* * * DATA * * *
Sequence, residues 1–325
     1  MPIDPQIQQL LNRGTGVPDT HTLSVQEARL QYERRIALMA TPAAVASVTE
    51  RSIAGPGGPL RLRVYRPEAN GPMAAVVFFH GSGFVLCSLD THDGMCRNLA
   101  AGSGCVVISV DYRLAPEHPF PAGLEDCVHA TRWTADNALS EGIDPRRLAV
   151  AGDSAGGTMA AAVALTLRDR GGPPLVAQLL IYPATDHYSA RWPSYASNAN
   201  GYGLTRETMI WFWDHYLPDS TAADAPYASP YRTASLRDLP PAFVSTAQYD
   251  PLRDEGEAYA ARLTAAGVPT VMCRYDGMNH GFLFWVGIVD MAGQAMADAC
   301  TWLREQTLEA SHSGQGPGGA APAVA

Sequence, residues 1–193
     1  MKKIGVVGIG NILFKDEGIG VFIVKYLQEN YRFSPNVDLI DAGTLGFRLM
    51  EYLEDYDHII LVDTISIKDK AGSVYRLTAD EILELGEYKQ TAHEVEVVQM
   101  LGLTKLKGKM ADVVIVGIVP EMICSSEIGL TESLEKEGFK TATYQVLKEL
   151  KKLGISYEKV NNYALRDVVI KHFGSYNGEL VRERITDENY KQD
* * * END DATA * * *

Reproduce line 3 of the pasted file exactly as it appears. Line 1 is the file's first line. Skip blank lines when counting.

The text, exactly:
    51  RSIAGPGGPL RLRVYRPEAN GPMAAVVFFH GSGFVLCSLD THDGMCRNLA